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Options for Maintenance Therapy in Multiple Myeloma

Insights From: Kenneth C. Anderson, MD, Dana-Farber Cancer Institute and Harvard Medical School; Rafael Fonseca, MD, Mayo Clinic; Noopur S. Raje, MD, Massachusetts General Hospital Cancer Center
Published: Wednesday, Mar 13, 2019



Transcript: 

Kenneth C. Anderson, MD: I think that the data, a large meta-analysis of over 1200 patients, suggest that in the post-transplant setting that lenalidomide maintenance can double progression-free survival and extend overall survival relative to no maintenance. This was the database upon which the FDA approved lenalidomide maintenance as a novel strategy to prolong both progression-free and overall survival. So it is a standard of practice now. In patients who have high-risk disease, we incorporate a proteasome inhibitor in addition to the lenalidomide. This is based on studies that have looked at proteasome inhibitors’ ability to avoid or at least markedly reduce the early relapses at 1 year or 18 months—early relapses that are the hallmark of high-risk disease.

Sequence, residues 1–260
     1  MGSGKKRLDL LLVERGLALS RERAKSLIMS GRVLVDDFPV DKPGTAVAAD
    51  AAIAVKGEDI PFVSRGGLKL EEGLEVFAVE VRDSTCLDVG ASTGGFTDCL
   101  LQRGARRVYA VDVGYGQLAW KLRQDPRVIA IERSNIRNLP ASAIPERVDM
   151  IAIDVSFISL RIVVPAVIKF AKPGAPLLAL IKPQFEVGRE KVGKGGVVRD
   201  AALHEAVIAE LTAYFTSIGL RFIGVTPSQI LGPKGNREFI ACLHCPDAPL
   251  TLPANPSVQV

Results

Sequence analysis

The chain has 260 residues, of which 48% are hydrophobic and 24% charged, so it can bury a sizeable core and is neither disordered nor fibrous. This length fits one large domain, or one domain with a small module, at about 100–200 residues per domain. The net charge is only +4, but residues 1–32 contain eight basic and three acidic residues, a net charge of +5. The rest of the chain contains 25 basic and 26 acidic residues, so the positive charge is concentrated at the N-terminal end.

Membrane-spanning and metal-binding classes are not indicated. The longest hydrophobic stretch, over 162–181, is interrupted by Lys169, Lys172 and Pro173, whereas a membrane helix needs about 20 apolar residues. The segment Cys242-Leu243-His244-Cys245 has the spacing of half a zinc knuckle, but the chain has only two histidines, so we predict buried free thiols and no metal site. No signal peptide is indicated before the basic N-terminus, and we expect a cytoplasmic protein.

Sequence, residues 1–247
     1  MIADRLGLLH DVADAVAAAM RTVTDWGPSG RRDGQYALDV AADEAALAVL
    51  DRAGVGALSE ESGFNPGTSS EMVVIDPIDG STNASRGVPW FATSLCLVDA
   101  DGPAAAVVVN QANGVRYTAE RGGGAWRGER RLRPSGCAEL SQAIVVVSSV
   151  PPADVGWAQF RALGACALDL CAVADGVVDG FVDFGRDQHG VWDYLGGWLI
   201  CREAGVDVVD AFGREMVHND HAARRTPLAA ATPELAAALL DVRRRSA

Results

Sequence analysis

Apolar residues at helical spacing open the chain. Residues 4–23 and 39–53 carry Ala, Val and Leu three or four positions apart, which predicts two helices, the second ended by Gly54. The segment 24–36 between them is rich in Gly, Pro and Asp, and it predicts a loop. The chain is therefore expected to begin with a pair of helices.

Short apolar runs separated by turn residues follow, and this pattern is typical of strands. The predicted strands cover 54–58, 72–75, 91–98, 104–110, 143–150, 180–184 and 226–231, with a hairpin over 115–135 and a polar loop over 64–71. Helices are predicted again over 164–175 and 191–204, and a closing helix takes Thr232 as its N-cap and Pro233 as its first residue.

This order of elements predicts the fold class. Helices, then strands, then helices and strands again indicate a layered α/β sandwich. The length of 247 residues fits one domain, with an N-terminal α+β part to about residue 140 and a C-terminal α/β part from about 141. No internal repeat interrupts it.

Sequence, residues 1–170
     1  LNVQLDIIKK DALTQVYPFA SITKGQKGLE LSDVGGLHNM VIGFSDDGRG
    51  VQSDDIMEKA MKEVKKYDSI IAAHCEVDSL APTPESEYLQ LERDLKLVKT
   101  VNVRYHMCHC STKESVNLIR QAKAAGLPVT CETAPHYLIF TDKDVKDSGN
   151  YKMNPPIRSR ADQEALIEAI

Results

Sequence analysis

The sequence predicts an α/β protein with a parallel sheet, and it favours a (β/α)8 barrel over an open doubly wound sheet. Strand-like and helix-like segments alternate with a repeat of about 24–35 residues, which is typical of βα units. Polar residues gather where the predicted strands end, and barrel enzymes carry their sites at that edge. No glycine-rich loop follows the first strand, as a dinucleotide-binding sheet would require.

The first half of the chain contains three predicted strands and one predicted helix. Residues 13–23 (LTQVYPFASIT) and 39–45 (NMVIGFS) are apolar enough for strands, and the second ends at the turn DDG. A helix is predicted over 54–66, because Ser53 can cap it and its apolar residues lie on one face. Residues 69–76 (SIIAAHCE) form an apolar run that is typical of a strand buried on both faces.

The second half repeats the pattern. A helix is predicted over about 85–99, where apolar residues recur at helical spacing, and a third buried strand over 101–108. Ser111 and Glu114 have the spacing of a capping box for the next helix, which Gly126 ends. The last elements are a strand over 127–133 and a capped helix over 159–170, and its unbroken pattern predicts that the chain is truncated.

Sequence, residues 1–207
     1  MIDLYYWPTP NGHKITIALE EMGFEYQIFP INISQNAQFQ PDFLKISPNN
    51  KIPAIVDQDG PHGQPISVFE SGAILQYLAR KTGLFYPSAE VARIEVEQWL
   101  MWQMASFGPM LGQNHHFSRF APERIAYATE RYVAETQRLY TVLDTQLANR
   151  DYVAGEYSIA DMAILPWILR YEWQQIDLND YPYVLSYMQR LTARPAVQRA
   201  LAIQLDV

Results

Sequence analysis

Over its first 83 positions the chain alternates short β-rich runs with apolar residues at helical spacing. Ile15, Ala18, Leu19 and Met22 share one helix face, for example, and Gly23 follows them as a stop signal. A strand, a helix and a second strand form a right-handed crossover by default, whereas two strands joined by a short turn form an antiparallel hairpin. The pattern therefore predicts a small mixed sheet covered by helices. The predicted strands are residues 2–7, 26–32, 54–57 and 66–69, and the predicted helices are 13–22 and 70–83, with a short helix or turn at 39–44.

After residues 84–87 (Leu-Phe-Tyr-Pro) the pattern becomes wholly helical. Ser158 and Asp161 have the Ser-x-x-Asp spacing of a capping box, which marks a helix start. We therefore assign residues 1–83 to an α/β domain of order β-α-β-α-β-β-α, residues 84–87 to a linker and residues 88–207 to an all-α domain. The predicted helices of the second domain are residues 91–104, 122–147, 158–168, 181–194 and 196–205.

Up until now, the proteasome inhibitor that has been added is bortezomib, which is given twice a month subcutaneously along with the lenalidomide, given daily for 21 of 28 days, both of these in a continuous fashion in the high-risk patients.

Noopur S. Raje, MD: Maintenance therapy has become pretty standard for the treatment of multiple myeloma, and I think the data that are most robust are for lenalidomide right now. You know, we have 2 studies, the French study and the CALGB study, which has shown almost a doubling of the progression-free survival. And more recently, Dr Phil McCarthy has kind of done a meta-analysis, and he’s also demonstrated a survival benefit with the use of lenalidomide in the maintenance setting.

At this year’s [2018] ASH [American Society of Hematology annual meeting], you saw the TOURMALINE data, and the TOURMALINE data were comparing using a proteasome inhibitor now in the maintenance phase for multiple myeloma. Now this trial has a few issues in that it’s comparing ixazomib to placebo. Most of us have acknowledged and accepted lenalidomide as a standard of care. And so, comparing it to placebo is not necessarily the best trial. Having said that, ixazomib meets all of the criteria for a proteasome inhibitor to be used as a maintenance drug. It’s, in general, an extremely well tolerated drug. It doesn’t have this rate-limiting toxicity of neuropathy so much as bortezomib does. And if given in the dosing schedule of once a week, it’s actually extremely well tolerated. So ixazomib would be a great proteasome inhibitor.